Hollywood Actors Strike Finally Ends Amid Tentative Agreement Between SAG-AFTRA and Studios

 SAG-AFTRA headquarters.
SAG-AFTRA headquarters.

After spending the last six months on strike, Hollywood is finally going back to work, with actors union SAG-AFTRA agreeing to a tentative deal with the studios.

“In a unanimous vote this afternoon, The SAG-AFTRA TV/Theatrical Committee approved a tentative agreement with the AMPTP bringing an end to the 118 day strike,” the union said in a statement. “The strike officially ends at 12:01 a.m. on Thursday, November 9.”

The tentative contract still has to be be ratified by the union’s board and members. If approved, it will increase minimum pay for members, and up their residual payments for streaming shows and movies. The deal with the Alliance of Motion Picture and Television Producers (AMPTP) will also improve contributions to the union’s health and pension plans.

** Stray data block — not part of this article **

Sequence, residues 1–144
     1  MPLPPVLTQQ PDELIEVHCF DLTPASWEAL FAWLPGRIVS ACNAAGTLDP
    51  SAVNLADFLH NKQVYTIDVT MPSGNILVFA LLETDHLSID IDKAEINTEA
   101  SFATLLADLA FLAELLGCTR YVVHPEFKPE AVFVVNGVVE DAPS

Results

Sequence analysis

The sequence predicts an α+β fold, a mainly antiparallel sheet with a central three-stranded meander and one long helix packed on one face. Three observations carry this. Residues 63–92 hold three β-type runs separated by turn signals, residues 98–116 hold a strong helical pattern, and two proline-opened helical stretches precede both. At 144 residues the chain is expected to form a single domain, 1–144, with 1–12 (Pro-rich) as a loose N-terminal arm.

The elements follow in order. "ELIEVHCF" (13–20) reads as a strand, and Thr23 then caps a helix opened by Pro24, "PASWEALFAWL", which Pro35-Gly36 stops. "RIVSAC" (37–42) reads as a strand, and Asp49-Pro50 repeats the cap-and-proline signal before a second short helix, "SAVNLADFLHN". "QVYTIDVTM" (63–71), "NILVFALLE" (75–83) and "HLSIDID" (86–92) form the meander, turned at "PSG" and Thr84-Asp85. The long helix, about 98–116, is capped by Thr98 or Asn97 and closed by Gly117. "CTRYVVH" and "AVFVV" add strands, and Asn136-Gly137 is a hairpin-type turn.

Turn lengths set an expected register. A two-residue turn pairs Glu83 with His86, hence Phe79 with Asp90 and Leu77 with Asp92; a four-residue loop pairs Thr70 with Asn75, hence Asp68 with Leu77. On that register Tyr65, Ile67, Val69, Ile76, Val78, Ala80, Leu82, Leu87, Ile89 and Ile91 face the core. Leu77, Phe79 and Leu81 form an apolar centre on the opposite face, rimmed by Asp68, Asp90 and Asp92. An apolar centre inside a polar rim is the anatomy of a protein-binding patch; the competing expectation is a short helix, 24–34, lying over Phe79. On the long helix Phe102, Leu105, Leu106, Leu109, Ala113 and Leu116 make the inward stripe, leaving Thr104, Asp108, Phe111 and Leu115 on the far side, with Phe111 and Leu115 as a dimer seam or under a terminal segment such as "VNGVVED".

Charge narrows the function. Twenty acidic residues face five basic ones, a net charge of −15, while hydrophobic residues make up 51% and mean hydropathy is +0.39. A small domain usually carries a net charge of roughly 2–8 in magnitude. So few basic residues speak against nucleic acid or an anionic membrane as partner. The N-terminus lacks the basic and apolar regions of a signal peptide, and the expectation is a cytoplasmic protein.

And it establishes new rules for the use of artificial intelligence, a major flashpoint amid both the actors and writers strikes.

The Writers Guild of America went on strike over largely the same concerns on May 1, with a resolution to that work stoppage reached on Sept. 24.

SAG-AFTRA began its strike in mid-July, effectively curtailing film, TV and streaming production for six months. By one estimate, the WGA and SAG-AFTRA strikes combined to cause $7 billion in damage to the broader economy.

The breakthrough came after the AMPTP on Friday delivered what it termed as its "last, best and final" offer.

Over the weekend, top studio and streaming executives met in Los Angeles with leading union officials to  hammer out the agreement. This A list reportedly included Netflix Co-CEO Ted Sarandos, Disney CEO Bob Iger, Warner Bros. Discovery CEO David Zaslav and NBCUniversal Studio Group Chair and Chief Content Officer Donna Langley.